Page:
Category Archives: chronic disease

Becoming Incurable | Help Make This Chronic Disease Documentary a Reality

Last summer I announced that I was being featured in Becoming Incurable, a film featuring the stories of three people in Sacramento, California, each living with different chronic diseases: Ankylosing Spondylitis, Lyme Disease, Mold Illness, and Dystonia.

In that announcement I said:

Since that day in February when I received Victoria’s (filmmaker/director) email, I have welcomed her into my life with Ankylosing Spondylitis and hidden nothing from view.

I am heartened by Victoria’s passion, curiosity, and talent in videography and visual storytelling. I am humbled by her desire to make this more than a film. She has poured heart and soul into this and I have witnessed her feel deeply and dream big as she has jumped into the deep end with us three professional, chronic survivors.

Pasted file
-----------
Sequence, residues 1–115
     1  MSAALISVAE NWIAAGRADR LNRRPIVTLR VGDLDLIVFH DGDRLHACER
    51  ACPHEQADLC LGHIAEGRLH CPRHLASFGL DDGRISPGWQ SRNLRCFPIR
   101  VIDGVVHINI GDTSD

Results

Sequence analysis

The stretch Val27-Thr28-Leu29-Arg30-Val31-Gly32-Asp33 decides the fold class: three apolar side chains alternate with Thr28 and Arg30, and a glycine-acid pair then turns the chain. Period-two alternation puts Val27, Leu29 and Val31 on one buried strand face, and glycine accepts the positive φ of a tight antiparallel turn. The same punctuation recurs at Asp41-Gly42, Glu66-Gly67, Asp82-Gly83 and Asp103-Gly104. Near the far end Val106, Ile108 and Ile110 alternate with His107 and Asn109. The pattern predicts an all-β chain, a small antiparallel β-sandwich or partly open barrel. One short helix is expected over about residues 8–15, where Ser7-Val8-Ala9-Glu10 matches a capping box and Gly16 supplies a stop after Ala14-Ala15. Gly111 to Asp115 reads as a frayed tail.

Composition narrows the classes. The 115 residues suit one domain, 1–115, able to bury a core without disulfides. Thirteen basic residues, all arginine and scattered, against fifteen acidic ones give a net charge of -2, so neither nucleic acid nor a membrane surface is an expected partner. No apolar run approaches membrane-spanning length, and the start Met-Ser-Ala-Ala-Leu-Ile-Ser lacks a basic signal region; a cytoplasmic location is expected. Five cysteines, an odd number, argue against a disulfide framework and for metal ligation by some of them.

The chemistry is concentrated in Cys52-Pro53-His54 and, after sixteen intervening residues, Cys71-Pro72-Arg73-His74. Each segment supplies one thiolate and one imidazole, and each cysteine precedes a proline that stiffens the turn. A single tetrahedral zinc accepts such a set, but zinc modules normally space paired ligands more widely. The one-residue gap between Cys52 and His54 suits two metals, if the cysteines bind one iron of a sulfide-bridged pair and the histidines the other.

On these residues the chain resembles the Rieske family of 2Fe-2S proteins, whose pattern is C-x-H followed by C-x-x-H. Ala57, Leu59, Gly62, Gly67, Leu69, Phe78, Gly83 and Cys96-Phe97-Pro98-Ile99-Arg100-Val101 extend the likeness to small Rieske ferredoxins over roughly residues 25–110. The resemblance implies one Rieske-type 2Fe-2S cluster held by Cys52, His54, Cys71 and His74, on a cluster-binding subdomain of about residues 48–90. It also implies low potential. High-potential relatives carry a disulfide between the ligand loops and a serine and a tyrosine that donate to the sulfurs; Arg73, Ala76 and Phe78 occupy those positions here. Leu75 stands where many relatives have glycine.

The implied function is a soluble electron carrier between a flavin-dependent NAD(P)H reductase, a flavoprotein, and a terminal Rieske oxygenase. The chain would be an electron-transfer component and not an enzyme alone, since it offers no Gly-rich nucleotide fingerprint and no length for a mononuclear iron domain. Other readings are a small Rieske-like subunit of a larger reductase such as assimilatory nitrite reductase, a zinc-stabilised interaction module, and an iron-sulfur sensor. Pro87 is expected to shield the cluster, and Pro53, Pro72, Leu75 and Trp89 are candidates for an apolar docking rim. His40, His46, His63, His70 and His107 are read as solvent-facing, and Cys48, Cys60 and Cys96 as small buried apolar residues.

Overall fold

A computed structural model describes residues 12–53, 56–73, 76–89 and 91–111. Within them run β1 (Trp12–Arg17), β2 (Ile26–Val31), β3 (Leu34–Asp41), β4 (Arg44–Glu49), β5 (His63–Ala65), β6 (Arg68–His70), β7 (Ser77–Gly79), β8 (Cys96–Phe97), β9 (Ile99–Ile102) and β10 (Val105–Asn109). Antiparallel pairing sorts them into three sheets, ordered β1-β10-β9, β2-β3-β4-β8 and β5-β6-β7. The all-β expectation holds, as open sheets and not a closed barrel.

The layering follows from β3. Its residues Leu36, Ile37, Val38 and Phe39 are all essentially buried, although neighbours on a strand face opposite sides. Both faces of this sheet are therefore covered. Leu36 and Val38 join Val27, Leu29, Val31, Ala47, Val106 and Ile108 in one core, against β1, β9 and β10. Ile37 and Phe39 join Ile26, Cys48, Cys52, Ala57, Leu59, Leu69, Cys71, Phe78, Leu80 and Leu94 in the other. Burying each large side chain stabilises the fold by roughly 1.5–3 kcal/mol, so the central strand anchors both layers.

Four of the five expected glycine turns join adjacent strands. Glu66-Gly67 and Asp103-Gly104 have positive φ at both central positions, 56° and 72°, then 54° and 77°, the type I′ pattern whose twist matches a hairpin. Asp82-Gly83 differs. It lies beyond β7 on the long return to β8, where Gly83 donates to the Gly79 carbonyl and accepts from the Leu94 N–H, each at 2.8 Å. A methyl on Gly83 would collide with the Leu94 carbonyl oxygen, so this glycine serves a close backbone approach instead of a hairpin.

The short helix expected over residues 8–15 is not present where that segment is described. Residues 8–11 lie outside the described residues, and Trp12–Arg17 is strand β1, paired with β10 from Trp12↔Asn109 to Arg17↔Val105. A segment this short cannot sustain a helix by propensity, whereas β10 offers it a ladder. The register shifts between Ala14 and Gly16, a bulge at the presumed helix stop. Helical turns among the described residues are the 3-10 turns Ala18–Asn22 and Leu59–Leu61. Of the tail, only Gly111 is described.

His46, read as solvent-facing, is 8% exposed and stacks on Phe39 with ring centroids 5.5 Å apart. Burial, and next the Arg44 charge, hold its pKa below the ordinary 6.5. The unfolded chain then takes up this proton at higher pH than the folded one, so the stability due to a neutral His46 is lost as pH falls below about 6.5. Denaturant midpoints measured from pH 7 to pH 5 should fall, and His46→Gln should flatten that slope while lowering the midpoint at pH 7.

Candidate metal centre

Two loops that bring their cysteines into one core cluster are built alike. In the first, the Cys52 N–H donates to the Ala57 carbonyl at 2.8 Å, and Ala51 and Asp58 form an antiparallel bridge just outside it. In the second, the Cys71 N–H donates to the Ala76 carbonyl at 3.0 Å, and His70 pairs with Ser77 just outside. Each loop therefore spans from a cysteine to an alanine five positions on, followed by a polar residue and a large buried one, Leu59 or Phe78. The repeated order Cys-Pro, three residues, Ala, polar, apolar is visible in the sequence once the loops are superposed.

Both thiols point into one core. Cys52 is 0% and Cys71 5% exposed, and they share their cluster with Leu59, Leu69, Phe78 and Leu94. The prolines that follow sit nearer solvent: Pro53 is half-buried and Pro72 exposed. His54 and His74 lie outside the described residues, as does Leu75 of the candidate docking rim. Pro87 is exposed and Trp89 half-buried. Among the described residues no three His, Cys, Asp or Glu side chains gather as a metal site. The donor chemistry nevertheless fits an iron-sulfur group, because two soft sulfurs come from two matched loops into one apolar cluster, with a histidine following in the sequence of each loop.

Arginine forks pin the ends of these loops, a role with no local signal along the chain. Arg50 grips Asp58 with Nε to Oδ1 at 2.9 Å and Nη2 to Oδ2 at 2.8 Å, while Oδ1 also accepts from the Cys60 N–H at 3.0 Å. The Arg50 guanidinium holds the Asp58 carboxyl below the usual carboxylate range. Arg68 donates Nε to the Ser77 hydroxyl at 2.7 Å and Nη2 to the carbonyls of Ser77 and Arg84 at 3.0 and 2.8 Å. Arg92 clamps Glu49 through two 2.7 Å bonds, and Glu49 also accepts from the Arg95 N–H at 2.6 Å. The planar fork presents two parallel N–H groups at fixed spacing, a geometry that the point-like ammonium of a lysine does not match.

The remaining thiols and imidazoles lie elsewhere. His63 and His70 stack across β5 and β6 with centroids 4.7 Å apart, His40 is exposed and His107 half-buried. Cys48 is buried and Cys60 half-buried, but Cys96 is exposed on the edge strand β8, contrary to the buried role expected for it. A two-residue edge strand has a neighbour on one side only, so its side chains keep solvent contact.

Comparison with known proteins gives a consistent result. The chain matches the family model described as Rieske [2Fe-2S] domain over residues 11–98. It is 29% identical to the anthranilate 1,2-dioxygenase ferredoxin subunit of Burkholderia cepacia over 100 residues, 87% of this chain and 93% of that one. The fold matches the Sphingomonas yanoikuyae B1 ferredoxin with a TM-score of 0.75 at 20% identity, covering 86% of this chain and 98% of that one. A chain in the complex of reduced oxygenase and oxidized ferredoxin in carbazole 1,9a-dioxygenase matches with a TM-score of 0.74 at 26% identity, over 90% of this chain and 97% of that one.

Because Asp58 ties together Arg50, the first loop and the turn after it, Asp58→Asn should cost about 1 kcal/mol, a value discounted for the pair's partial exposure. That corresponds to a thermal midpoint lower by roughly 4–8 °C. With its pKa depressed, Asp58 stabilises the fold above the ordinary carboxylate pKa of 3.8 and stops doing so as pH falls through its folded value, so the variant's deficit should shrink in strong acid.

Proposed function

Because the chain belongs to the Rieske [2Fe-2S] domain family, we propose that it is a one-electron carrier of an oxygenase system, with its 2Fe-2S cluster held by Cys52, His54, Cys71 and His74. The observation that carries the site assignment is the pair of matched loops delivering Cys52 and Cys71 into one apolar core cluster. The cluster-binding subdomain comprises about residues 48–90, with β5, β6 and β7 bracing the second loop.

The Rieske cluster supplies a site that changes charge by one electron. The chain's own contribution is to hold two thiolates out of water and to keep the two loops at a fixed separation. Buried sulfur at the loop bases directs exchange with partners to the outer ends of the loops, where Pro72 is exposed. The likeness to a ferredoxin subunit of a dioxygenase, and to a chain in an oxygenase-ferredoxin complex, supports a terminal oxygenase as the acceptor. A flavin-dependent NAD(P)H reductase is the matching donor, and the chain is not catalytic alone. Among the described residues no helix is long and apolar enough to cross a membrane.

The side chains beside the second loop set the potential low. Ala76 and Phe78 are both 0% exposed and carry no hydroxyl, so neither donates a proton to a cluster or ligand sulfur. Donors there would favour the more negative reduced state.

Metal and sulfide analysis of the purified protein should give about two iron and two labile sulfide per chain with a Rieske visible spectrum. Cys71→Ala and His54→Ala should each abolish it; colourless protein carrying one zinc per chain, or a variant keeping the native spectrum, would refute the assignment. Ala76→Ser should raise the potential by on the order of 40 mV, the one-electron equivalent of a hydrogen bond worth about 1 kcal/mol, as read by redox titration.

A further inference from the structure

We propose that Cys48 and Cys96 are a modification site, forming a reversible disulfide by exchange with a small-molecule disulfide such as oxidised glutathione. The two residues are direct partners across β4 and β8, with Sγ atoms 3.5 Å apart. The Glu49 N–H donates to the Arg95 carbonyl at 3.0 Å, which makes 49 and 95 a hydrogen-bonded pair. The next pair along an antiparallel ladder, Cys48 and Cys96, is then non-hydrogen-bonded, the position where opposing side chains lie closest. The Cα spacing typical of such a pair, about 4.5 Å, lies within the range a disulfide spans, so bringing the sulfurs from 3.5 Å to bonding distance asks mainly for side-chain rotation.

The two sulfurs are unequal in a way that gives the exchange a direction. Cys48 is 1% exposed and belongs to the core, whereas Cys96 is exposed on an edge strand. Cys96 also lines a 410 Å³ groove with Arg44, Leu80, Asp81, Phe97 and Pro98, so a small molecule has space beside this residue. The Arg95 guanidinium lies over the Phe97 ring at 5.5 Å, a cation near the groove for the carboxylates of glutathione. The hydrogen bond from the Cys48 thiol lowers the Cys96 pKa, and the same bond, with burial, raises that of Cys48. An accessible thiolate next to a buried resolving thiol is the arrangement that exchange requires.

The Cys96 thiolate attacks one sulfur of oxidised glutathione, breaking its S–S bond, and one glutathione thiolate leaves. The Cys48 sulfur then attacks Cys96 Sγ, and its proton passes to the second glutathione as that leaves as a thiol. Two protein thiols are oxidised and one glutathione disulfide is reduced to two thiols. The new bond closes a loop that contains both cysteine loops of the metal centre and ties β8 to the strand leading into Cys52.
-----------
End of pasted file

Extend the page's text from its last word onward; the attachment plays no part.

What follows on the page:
What I didn’t realize, even when I told all of you that I was in the film, was how big of an impact it would have in the chronic disease community even before the movie itself was ever finished! Becoming Incurable has become much more than a film; it has become a platform empowering people to share their own stories and lives with incurable diseases, largely thanks to the passion and drive of director/filmmaker Victoria.

Becoming Incurable Banner Image
Voices of the Chronically Incurable

Becoming Incurable, which is scheduled for release in 2019, has already been telling short stories of people living with chronic diseases in the USA and abroad in “Inside Incurable Lives” video episodes and audio-digital magazine issues (find the latest issues on Facebook or the film’s website).